For a year The Piano Teacher has been sitting on my shelf at home. Its one of the few films by Michael Haneke I haven’t seen and supposedly it is one of his best, yet somehow I can’t bring myself to watch it quite yet. If you have seen this film, or any other films by Haneke you will know exactly why. To say Haneke’s cinema is unsettling is a gross understatement at best. In fact some of the most confronting cinema I have seen in recent years has been his. But what else should we expect from a director who claims Salo is his favourite film.
Haneke 101 should probably be Funny Games (the 1997 original or the 2007 American remake) and Hidden. The dvd case for Hidden claims Haneke inherited Antonioni’s mantle as the director of alienation and this is certainly true in the case of this film. After Hidden I went on a Haneke binge consuming Time of the Wolf, Funny Games and Code Unknown. Each film was a devastating experience that left me almost shell-shocked. A friend recently told me the experience of watching The Piano Teacher left him physically speechless. Its rare cinema that has this power but Haneke’s consistently does.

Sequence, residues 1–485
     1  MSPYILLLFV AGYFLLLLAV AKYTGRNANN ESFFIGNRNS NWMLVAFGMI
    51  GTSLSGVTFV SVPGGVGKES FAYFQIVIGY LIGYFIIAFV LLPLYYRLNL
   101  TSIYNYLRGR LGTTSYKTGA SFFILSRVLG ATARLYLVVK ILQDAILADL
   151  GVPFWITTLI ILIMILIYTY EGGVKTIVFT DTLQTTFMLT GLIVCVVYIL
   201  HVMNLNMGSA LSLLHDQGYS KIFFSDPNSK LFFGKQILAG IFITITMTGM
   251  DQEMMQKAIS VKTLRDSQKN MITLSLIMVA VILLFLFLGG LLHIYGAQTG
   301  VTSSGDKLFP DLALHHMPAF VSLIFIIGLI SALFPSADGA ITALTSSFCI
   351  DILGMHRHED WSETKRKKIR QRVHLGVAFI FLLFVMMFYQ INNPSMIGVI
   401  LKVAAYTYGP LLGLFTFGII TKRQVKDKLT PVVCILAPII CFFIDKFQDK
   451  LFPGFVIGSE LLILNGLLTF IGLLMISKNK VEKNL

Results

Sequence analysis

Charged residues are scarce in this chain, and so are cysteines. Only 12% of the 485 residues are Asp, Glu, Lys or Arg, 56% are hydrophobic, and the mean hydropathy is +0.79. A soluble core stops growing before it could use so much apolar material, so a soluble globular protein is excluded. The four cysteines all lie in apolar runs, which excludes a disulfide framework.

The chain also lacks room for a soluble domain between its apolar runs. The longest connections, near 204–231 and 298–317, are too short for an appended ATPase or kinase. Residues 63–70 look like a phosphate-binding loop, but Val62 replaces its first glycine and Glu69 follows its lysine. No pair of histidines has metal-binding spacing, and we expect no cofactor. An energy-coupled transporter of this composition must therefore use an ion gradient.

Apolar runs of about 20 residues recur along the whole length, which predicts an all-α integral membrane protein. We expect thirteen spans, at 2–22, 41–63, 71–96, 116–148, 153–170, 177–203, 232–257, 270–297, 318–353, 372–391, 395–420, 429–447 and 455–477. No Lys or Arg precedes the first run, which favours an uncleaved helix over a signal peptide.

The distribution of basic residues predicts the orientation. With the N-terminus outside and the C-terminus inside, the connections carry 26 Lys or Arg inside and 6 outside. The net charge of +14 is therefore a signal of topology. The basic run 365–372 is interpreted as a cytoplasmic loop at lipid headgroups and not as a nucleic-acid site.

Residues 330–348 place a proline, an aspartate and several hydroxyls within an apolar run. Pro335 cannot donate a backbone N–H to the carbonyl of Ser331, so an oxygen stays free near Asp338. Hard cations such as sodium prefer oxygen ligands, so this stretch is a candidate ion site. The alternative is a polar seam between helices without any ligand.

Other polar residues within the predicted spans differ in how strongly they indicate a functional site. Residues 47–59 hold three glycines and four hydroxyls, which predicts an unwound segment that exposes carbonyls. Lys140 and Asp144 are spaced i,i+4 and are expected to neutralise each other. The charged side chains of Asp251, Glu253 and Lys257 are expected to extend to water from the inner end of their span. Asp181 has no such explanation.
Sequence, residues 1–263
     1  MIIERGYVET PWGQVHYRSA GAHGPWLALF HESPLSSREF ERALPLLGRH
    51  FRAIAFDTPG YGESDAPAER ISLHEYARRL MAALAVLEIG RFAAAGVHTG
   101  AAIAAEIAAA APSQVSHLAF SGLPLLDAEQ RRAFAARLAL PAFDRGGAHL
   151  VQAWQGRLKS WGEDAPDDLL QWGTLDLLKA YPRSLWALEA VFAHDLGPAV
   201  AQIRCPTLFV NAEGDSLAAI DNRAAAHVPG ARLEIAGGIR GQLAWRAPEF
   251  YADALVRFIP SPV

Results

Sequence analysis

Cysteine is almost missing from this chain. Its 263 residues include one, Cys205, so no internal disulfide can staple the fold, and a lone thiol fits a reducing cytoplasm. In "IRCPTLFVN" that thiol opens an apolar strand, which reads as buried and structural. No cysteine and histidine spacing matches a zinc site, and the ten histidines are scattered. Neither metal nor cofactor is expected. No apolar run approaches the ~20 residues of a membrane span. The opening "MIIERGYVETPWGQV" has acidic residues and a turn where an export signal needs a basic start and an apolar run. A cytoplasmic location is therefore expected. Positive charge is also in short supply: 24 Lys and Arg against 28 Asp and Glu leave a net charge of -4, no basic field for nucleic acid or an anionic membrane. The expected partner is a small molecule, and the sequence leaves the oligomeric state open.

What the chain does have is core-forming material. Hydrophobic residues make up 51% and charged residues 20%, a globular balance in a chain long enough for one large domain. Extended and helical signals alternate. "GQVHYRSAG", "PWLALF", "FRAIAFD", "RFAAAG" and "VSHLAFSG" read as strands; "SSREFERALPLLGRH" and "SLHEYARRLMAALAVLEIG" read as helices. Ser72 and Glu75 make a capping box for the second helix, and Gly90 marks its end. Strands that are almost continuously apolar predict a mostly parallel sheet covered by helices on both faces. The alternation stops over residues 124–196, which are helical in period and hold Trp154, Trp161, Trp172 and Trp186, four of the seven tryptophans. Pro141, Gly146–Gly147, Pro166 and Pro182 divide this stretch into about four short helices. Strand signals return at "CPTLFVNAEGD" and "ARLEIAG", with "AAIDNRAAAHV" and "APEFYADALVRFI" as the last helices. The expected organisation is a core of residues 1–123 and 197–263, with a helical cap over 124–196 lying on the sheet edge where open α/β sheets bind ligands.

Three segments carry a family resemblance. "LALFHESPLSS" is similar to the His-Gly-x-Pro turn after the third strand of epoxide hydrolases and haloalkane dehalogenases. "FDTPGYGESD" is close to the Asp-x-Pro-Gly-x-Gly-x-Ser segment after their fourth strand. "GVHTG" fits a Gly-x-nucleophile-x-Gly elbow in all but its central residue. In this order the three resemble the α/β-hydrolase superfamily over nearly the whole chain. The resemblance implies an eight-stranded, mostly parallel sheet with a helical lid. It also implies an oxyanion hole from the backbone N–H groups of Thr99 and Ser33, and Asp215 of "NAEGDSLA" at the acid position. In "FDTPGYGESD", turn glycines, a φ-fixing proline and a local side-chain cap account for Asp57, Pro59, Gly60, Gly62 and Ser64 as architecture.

Haneke’s films are ice-cold, clinical exercises which display the meticulous control of an auteur whose mark must be one of the most idiosyncratic in contemporary cinema. They almost never feature soundtracks, use static camera set-ups and lengthy unbroken takes. Notwithstanding they are never boring simply because you never know what’s going to happen. Watch the opening of Time of the Wolf, the metro sequence in Code Unknown or the climax of Hidden for proof of this. The unpredictability of these scenes will shock you, in my case I am still uneasy a year later.
Despite this troubling introduction I must admit I’m hard pressed to think of a better director working today than Haneke. I’m not at all alone in this view, as last week Haneke picked up the Palme d’Or for his new film The White Ribbon which chronicles a series of unusual events in a small German town before WW1. Easily my most anticipated film for 2009, with any luck we may see it in the upcoming New Zealand Film Festival. With words like chilling, austere and elegiac being bandied around I think we are in for another Haneke masterpiece.